When the last credit of Nocturnal Animals rolled, my first thought was that this was a profoundly silly movie. The more I think about it, the more I’m on the profoundly hilarious campy wavelength of this trashy movie as filmed in the style of a fashion catalog.
Nocturnal Animals opens with a bunch of large naked women wearing only shoulder epaulettes and a drum major hat, an image frightfully similar to cult drag star Dina Martina in 2015, dancing in front of a red curtain waving around sparklers and American flags. The camera zooms in on their fat ripples, stretch marks, and surgery scars as they gyrate and undulate for the camera. These dancing fat women are part of a gallery where the women are then posed naked and dead on white slabs for a high class audience. Later, the gallery owner, Susan (Amy Adams), admits that the show was terrible, shallow, unfulfilling pop junk. That admission is Nocturnal Animals in a nut shell.
Nocturnal Animals is three trashy 80s airport novels – a Cormac McCarthy-esque thriller, a Gone Girl esque meta-novel, and a tragic romance – all thrown together in one overly stylish movie. Director Tom Ford is best known for turning the House of Gucci around from its tragic embrace of 90s grunge into the far more modern fashion line people see it as today. Ford’s previous movie, A Single Man, about a gay man in the 1960s mourning the death of his lover, resembled a series of fashion commercials strung together to form an idea of a plot; it would not have been out of place for a brand logo to pop up every two minutes. Here, Ford re-embraces the catalog look, but at least remembers to make a coherent movie.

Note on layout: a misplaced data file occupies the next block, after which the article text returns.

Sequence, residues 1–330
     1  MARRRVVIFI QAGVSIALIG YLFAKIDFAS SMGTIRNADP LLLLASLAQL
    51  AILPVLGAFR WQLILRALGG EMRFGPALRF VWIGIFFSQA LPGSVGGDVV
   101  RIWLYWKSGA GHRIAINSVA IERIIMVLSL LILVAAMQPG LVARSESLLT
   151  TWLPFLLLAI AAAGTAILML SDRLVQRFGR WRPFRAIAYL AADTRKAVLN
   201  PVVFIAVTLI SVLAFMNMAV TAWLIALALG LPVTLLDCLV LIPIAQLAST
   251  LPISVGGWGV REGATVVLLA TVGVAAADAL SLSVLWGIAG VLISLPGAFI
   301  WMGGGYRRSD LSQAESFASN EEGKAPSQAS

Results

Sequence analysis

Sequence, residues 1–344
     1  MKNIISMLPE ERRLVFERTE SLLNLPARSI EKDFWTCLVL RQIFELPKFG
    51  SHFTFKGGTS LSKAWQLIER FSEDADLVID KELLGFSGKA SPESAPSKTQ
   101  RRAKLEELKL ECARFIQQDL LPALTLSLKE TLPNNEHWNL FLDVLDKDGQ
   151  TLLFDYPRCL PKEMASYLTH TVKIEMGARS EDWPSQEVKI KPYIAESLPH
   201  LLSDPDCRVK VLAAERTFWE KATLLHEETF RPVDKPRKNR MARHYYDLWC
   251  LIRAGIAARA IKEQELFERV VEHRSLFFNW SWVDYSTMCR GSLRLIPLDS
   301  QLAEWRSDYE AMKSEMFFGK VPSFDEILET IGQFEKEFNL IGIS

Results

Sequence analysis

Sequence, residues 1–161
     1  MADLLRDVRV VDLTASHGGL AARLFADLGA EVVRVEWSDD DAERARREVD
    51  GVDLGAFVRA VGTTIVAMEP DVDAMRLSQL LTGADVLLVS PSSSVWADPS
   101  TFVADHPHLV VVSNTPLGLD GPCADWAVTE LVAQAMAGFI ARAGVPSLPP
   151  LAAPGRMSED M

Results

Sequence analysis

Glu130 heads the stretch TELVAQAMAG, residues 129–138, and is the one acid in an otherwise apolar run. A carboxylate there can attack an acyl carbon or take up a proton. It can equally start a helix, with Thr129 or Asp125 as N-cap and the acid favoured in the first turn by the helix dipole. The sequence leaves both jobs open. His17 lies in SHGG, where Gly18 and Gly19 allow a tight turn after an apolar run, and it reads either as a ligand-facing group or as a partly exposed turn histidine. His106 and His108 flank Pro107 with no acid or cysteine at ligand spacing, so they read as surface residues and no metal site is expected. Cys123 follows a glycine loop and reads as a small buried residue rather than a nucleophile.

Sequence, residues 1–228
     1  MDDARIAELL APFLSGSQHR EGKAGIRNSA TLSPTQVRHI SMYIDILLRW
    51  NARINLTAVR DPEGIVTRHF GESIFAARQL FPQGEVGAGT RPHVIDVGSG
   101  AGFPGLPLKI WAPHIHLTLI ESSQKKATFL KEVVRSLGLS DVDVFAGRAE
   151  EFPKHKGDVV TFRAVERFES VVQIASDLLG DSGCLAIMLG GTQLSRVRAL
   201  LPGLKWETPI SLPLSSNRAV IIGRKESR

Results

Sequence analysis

Wealthy gallery owner Susan is dissatisfied with her high art lifestyle. Her devastatingly handsome and unsuccessful husband, Sutton (Armie Hammer) is nakedly cheating on her; her successful art career no longer satisfies her; and she can’t help but feel self-loathing for her upper class unhappiness while being surrounded every object her heart desires. Heck, she even has an ironic giant concrete half-deflated balloon animal on her lawn, either just installed or ready to be torn down. Like her art, her gallery and her husband, Susan’s daughter only exists to validate her existence. Her tragic life of self-obsession is interrupted when her long-estranged ex-husband, Edward (Jake Gyllenhaal) sends her the first draft of his new manuscript, implying she may like the subject matter.